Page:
Here’s a screenshot of the UI, you can access a live demo here

The NN is trained against the MNIST database (Modified National Institute of Standards and Technology database) which has 10,000 centered 28×28 hand drawn 0-9 png images that have been flattened to 784 columns of pixels. These images are used in training the Neural Net.

Input to the reference Neural Net will be a hand-drawn 28×28 png image that has been linearized to a vector and forward propagated resulting in 10 probabilities, representing 0-9. The highest probability is the answer. Here’s a diagram of the Neural Net structure.

The number of hidden neurons is kind of arbitrary; too many neurons, and the network will be overtrained and two view will be undertrained, the results being incorrect predictions. There are a lot of thoughts on this, but I believe it might be trial and error. So we will leave this topic for another blog.

Source code for the reference example can be found here The Neural Net is implemented using GO. Even if you may not know the language, it’s expressive enough to understand, so let’s walk through the implementation

Create the Network

The number of inputs, hidden nodes, output, and learning rates are specified when calling the CreateNetwork function to create a network.

net := CreateNetwork(784, 200, 10, 0.1)

Here’s the create network function implementation:

// CreateNetwork creates a neural network with random weights
func CreateNetwork(input, hidden, output int, rate float64) (net Network) {
    net = Network{
        inputs:       input,
        hiddens:      hidden,
        outputs:      output,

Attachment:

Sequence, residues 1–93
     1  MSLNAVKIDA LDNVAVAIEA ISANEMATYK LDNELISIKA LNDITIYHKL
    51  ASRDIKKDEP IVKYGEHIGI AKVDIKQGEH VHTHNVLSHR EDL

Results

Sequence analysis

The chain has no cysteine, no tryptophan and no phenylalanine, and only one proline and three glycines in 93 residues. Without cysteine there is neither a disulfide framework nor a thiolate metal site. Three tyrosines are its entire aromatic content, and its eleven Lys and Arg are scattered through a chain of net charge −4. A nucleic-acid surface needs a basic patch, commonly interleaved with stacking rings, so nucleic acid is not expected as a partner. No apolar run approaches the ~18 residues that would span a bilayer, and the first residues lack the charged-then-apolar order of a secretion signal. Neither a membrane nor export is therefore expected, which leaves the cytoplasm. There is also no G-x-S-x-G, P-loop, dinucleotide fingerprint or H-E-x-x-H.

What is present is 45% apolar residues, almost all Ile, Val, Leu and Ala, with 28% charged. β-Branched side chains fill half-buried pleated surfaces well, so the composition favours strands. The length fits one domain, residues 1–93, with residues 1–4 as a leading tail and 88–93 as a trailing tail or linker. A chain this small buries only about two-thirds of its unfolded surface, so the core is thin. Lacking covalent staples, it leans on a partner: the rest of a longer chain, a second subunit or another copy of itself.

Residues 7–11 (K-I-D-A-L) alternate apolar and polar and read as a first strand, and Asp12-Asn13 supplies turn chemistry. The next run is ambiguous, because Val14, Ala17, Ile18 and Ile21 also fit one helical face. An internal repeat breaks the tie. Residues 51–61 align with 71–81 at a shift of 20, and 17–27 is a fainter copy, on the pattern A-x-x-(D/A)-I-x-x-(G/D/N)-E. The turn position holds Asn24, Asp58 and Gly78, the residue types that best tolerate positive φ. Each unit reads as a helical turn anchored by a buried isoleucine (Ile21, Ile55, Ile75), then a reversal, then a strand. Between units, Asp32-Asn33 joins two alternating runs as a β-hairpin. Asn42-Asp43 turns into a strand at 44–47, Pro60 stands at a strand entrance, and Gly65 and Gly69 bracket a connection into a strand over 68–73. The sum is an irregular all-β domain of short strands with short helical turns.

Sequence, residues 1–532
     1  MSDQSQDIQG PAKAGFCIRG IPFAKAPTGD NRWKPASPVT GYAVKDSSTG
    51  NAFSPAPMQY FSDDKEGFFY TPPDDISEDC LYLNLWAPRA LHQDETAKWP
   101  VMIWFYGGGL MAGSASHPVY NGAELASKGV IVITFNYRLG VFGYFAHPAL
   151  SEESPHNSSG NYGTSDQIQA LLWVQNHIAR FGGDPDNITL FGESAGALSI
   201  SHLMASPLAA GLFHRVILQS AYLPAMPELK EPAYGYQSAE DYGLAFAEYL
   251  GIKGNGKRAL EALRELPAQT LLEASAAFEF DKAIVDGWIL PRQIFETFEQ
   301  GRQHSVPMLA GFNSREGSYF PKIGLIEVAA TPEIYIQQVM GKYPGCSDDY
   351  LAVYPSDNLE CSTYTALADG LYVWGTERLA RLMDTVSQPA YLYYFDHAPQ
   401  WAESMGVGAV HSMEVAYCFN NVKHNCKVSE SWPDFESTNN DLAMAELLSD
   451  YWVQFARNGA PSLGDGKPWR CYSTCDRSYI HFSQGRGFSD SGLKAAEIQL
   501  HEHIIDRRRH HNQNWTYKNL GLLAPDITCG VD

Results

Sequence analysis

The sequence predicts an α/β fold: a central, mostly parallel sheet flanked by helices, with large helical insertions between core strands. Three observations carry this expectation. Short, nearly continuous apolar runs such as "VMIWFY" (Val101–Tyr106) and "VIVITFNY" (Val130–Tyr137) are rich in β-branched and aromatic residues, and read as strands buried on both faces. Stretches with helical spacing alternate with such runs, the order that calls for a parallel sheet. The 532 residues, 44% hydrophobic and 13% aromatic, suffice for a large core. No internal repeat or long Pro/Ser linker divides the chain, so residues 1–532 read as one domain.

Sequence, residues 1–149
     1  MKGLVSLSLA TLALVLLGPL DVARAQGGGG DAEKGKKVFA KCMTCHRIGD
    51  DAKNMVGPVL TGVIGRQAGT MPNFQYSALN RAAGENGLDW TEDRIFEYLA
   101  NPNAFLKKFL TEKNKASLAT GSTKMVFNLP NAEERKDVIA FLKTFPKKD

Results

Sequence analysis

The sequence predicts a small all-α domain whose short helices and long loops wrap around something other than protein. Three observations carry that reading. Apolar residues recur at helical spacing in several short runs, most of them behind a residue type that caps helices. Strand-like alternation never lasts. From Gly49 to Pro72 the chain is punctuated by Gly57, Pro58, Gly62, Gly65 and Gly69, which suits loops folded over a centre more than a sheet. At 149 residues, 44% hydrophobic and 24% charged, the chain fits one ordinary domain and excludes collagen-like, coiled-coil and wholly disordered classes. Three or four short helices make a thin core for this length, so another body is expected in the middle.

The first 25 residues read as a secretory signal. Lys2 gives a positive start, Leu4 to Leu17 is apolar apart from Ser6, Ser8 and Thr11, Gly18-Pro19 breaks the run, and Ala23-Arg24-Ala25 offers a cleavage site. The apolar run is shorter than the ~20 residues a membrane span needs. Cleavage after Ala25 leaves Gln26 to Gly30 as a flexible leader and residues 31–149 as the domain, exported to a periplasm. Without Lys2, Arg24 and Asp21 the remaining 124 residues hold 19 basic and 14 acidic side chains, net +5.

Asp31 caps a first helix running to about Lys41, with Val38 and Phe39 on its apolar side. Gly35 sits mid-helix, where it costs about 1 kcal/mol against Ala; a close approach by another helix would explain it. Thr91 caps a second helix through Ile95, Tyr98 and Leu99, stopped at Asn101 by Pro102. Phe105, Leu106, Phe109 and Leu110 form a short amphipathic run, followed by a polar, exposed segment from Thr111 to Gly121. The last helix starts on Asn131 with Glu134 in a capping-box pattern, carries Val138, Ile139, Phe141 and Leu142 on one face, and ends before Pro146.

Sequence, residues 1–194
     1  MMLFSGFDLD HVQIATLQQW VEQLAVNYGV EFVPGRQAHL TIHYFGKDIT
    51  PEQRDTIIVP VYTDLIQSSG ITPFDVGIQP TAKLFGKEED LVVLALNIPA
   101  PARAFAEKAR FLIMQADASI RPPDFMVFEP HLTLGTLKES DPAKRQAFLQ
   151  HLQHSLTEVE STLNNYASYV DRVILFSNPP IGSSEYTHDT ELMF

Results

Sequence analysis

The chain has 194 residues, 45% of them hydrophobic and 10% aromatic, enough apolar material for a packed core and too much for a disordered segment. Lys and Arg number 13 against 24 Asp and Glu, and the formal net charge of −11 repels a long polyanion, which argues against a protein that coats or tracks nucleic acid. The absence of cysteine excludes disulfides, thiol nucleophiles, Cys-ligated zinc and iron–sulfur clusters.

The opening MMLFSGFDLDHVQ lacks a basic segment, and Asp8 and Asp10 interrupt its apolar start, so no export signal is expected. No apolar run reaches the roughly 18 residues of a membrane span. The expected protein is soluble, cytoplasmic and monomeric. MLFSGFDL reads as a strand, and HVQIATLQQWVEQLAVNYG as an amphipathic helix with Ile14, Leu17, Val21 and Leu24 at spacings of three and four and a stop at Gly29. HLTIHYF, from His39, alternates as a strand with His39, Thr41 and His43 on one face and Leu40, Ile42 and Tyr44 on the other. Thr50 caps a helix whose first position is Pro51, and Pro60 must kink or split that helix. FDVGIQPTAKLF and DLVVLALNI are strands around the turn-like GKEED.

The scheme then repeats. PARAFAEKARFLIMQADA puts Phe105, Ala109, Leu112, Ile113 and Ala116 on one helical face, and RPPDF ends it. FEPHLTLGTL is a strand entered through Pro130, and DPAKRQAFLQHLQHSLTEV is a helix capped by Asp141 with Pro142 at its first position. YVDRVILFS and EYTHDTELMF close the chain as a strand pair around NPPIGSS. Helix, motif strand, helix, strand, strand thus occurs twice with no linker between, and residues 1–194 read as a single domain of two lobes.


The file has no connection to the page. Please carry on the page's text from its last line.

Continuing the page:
learningRate: rate,
    net.hiddenWeights = mat.NewDense(net.hiddens, net.inputs, randomArray(net.inputs*net.hiddens, float64(net.inputs)))
    net.outputWeights = mat.NewDense(net.outputs, net.hiddens, randomArray(net.hiddens*net.outputs, float64(net.hiddens)))

Notice the Hidden Weights that connect inputs to the hidden layer and the hidden layer to the outputs is done using a Matrix. This implementation uses the matrix support module. Also, notice the hidden matrices are initialized with random values between 1.0 and -1.0 by calling the randomArray() function.

Training the Network

The training function reads each of the handwritten examples in the mnist_train.csv file. Each record is iterated over and moved into a 785 input array.

Training is executed by executing the example application from a command console as shown below.

Here’s the code that this command executes.

func mnistTrain(net *Network) {
    t1 := time.Now()

    for epochs := 0; epochs < 5; epochs++ {
        testFile, _ := os.Open("mnist_dataset/mnist_train.csv")
        r := csv.NewReader(bufio.NewReader(testFile))
        for {
            record, err := r.Read()
            if err == io.EOF {

            inputs := make([]float64, net.inputs)
            for i := range inputs {
                x, _ := strconv.ParseFloat(record[i], 64)
                inputs[i] = (x / 255.0 * 0.999) + 0.001

            targets := make([]float64, 10)
            for i := range targets {
                targets[i] = 0.001
            x, _ := strconv.Atoi(record[0])
            targets[x] = 0.999

            net.Train(inputs, targets)
    elapsed := time.Since(t1)
    fmt.Printf("\nTime taken to train: %s\n", elapsed)

Remember that the number of times the training images are read and forward/backward propagated is referred to as “epochs” and is applied by the enclosing for loop.

The output 0-9 array is initialized with 0.999 or almost one. Then it is passed into a training function to perform forward propagation.

func (net *Network) Train(inputData []float64, targetData []float64) {

Supplied inputs are connected to the hidden node matrices and then multiplied with the input array, then the resulting matrix. Then the sigmoid function (Gradient Descent) is applied to produce a hiddenOutputs matrix. Then this is connected and fed forward to the output array. The sigmoid function is applied again to the output array.

    inputs := mat.NewDense(len(inputData), 1, inputData)